In his 1984 speech, Rumsfeld said terrorism cannot be eliminated, but it can be made to function at a "low level" that will allow governments to function. He repeated that thought at lunch and added that the United States is somewhat at a disadvantage because the terrorists don't have a media that challenges their policies, they have no hierarchy and they "get to lie every day with no accountability." Speculating again about the future, Rumsfeld said, "there will be no conventional wars in the near future and no way the military can win or lose a war."
I asked him what he meant. He replied, "We're socialized into believing the American military can go find somebody and kick the hell out of them, or find a battleship to sink, or an air force to shoot down. You can't do that in the 21st century."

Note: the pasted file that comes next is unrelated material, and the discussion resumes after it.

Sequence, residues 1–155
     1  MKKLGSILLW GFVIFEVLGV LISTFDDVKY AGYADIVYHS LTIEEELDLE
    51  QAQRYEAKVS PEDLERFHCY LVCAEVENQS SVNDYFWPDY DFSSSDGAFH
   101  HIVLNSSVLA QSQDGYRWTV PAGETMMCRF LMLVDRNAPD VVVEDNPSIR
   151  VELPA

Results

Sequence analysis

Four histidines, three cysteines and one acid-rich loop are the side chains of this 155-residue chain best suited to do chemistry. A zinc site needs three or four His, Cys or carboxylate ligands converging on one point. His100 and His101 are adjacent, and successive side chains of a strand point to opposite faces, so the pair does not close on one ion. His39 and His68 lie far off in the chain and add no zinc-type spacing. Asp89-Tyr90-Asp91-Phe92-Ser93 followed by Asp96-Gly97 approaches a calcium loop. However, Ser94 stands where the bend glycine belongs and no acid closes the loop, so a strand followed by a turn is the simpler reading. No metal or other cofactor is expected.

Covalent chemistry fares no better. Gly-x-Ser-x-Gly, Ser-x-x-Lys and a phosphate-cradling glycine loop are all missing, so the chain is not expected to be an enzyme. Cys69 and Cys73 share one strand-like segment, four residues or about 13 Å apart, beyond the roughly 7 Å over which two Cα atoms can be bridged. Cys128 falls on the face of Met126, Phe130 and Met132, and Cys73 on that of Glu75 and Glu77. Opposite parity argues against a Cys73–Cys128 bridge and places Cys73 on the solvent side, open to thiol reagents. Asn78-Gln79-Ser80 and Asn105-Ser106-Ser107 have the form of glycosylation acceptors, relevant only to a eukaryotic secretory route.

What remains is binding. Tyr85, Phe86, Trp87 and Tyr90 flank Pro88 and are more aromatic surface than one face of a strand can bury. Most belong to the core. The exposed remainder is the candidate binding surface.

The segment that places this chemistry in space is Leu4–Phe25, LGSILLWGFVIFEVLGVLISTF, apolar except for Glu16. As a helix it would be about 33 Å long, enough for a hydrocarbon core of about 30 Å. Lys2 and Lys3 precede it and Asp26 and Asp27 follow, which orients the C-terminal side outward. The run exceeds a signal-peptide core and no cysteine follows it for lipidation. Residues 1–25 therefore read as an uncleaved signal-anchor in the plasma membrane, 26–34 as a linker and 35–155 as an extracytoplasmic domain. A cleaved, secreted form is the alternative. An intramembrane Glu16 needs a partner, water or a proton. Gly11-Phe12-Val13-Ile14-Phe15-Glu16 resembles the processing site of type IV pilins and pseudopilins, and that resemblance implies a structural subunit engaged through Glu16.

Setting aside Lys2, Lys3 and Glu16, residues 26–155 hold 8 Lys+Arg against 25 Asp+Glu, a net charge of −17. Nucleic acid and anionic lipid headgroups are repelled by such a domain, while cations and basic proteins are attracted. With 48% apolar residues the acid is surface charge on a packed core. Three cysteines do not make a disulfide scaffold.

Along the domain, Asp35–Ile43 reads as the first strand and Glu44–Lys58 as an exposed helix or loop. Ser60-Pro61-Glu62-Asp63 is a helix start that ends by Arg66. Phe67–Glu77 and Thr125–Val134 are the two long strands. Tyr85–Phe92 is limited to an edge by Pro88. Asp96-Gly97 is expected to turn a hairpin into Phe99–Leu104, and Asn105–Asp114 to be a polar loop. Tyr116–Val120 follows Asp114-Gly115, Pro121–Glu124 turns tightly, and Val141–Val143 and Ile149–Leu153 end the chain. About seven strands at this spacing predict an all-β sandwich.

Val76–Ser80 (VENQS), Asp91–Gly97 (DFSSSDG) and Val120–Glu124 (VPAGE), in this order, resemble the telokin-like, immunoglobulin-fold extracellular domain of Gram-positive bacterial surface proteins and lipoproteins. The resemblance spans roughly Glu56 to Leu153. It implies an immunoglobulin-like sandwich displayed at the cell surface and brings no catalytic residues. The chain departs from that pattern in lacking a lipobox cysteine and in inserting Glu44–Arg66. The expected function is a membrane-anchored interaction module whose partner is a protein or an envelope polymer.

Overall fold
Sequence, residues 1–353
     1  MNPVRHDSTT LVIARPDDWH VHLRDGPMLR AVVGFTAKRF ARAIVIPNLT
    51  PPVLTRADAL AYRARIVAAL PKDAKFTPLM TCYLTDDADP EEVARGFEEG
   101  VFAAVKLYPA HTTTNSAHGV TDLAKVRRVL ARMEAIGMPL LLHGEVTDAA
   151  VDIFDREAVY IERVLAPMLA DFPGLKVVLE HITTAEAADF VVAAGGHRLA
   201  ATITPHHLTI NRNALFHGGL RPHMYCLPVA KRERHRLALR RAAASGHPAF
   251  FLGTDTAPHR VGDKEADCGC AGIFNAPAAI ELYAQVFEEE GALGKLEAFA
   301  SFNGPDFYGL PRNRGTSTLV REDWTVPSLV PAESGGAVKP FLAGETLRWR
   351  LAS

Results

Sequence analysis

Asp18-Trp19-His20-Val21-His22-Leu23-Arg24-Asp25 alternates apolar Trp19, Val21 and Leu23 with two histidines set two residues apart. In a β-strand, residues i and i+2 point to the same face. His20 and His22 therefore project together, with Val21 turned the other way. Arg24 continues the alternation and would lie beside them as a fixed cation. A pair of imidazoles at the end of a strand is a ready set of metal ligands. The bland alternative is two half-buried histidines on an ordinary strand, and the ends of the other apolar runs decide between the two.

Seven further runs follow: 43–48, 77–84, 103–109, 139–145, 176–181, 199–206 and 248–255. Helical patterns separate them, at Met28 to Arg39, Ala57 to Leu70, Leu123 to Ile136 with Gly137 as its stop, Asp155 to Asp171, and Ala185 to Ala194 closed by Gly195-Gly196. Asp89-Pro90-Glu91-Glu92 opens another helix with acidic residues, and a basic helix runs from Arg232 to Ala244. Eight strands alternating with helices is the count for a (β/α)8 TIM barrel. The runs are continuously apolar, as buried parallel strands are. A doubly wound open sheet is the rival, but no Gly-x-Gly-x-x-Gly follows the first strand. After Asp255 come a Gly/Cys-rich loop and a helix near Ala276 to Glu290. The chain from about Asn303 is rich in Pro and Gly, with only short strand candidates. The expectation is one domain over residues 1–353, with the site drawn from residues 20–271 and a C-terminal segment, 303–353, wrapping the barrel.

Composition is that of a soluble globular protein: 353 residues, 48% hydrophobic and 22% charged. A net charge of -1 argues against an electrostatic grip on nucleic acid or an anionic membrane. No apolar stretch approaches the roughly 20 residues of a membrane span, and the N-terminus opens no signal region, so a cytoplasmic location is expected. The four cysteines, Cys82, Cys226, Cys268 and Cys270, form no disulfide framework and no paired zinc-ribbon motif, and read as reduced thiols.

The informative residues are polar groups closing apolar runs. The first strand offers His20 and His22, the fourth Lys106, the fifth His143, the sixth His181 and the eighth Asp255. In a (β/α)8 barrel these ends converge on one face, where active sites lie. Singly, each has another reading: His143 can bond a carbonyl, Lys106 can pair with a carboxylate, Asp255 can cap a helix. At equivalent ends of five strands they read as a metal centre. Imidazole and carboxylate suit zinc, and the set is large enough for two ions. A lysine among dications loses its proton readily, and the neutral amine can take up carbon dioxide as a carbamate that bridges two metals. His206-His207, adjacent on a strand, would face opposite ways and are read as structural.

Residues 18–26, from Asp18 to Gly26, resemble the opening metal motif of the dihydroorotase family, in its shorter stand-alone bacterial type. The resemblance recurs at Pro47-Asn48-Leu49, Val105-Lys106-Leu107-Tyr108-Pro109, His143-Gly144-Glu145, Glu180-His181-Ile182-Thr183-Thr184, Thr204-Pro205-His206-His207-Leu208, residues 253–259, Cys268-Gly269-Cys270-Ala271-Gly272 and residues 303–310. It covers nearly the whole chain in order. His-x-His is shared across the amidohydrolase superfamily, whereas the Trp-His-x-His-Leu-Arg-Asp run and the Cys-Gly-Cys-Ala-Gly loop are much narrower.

Noting the length of the Cold War, Gen. Peter Pace, chairman of the Joint Chiefs of Staff - who was also at the luncheon - agreed the terrorists can be deterred "if the American people will just give us the time."
Later that day, I spoke with Haley Barbour, Mississippi governor and former Republican National Committee chairman, about the apparently slim GOP prospects in the coming election. Noting how the polls show Iraq has hurt Republicans, Barbour said, "The public gets tired of long wars."
That is precisely what Osama bin Laden and his bloody associates are counting on. Their plan for victory is to exhaust the United States.
In 1984, Rumsfeld recalled Winston Churchill's lesson from World War II that weakness invites aggression. And he warned, "Ours is a dangerous world, a world in transition."
We have now transitioned from dangerous to even more dangerous. If we grow weary in this battle, we can be sure our enemies won't flag. They are prepared for a long war. We'd better be, for to be unprepared and to lack resolve means the war will come anyway, but with greater intensity and with more American (and European) casualties.
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